Within the range of these two modes of ideology we can observe the ethics of Aristotle and the amoralism of Machiavelli; the constitutionalism of Cicero and the totalitarianism of Stalin, the natural law of Thomas Aquinas, the economic determinism of Karl Marx, the dictatorship of Nazi Hitler and the fundamentalism of Moslems. All of these fall in the broad spectrum of political ideologies which, once at work may shape human behavior, national character as well as state’s socio-economic and political attitude.
With the above academic clarification, one may question the rationale and necessity of Mr. Ahmadinejad presence in the Durban II Anti-racism conference in Geneva and his controversial speech at this very critical point of time. One gets the impression that neither he nor the speech writer has any idea about justice and fairness in international relations. They naively feel they are the first to discover and expose these anomalies in a world forum. A quick inquiry into the United Nations archives from its inception to this date and the related literature , will reveal the fact that thousands statesmen, diplomats, jurists and academics have written and spoken more eloquently about tantamount problems of the world and exposed much brighter ideas and thoughts for their remedies. Yet we are still where we stand today with not much progress.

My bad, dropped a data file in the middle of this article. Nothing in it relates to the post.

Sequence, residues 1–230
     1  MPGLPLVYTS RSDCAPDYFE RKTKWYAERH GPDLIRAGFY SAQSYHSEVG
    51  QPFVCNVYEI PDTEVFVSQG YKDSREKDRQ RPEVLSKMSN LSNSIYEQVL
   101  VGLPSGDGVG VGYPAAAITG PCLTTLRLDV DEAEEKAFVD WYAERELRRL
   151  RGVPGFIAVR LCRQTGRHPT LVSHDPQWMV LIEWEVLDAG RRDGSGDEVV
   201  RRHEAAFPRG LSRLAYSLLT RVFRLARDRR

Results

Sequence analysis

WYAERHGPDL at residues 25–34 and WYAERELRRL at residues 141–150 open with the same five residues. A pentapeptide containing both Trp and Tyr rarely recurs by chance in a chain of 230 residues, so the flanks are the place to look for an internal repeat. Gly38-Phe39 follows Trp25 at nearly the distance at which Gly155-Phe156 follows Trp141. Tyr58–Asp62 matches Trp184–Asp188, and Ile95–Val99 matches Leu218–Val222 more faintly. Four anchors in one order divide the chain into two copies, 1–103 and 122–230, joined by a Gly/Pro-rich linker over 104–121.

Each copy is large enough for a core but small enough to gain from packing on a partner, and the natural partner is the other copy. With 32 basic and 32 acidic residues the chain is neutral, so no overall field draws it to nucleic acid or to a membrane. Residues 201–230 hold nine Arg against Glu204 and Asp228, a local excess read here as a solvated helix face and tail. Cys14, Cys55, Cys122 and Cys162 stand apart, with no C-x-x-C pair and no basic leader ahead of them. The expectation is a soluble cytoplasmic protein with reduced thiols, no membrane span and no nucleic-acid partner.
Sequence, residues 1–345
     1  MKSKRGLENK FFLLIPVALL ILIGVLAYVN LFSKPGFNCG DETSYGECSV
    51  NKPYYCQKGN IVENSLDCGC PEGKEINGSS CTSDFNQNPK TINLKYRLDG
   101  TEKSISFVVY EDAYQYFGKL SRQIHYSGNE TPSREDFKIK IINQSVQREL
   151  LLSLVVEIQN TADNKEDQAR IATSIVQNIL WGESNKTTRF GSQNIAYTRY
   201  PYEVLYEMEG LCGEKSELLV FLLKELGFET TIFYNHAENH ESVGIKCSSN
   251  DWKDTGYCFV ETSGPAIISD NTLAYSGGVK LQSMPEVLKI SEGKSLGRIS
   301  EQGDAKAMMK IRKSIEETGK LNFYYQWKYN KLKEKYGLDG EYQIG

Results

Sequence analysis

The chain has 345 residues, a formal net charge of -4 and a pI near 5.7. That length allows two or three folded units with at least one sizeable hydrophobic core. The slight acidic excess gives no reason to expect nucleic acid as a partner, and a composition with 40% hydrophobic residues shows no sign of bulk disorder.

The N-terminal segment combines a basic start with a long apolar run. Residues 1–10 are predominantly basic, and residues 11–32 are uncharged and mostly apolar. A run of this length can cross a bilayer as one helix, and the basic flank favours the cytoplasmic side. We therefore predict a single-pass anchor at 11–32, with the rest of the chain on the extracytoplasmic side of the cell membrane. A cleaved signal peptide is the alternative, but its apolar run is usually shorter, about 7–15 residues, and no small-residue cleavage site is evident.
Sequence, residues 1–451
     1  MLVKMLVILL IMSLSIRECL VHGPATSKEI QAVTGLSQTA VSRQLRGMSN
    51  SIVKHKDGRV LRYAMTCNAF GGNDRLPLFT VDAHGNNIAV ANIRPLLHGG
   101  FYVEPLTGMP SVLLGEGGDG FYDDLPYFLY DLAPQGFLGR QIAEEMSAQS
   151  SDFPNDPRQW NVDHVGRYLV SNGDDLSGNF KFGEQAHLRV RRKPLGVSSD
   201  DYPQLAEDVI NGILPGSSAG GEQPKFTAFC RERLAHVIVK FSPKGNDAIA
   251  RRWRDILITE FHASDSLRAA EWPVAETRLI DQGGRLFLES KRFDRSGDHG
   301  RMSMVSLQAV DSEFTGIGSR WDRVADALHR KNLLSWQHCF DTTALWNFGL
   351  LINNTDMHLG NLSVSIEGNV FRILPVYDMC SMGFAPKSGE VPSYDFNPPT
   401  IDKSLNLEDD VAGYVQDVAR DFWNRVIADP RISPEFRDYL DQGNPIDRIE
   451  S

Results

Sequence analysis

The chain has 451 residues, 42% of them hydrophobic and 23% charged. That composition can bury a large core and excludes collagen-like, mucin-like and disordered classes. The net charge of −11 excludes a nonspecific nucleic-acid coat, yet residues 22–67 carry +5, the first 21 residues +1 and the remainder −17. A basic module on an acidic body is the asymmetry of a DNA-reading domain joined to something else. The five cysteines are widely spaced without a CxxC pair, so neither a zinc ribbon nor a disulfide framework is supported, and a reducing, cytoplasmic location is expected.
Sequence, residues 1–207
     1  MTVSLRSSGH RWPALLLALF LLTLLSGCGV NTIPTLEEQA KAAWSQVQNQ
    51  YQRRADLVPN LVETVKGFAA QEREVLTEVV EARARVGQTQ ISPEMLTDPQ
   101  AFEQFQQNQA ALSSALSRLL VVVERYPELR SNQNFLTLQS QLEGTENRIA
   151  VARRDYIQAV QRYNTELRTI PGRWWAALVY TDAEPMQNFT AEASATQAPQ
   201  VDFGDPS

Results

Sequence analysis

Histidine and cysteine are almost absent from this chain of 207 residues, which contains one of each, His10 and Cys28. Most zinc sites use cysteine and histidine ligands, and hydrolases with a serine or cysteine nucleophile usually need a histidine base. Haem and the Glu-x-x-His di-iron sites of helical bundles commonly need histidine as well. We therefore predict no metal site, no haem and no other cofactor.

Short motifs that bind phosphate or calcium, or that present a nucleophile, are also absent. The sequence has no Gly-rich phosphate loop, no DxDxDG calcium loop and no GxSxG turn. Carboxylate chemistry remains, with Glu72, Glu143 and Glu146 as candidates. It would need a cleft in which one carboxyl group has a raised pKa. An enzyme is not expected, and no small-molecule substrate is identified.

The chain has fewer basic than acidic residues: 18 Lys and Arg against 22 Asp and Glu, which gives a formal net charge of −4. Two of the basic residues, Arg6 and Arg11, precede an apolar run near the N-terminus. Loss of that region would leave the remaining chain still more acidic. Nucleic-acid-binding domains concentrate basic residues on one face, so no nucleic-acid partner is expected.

Thus, what benefits we may envisage from these conflict-ridden statements for Iran except the widening gap between nations and deepening hatred at the expense of our national interests, prestige and reputation? Those who applauded for the president at the conference are not our friends. They are intentionally or inadvertently pushing our country to further radicalism and isolation. They know well that Iran has already paid very heavy price for sacrificing national interests for the sake of ideology.
Let it be clear to all peace-lovers around the world that there are other voices among academic, intellectual and ordinary people in Iran that are in discord with the prevailing situation and perception. We want to live in peace, harmony and good relations with all nations. We have no mandate to solve perennial issues in the Palestine, Lebanon, Hamas, Hezbollah, Jihad and the likes which do not fall in the realm of our vital national interests by any sane calculation and even not in the periphery of the presumed ideology. We have no business to straighten all the evils of the world and to guide humanity to the path of salvation. All we can do is to rectify our own actions and perceptions and set example for other to follow the suit. We fully realize that guiding principles of today’s statehood are tolerance, interdependence, cooperation towards mutual benefits.
The time has come to stop the unfortunate trend of blind radicalism before our nation falls in the disarray of populism, ideological obsession and delusion which could endanger peace and stability of the region and risk total disintegration of the country. /
Ali Asghar Kazemi is Professor of Law and International Relations in Tehran-Iran.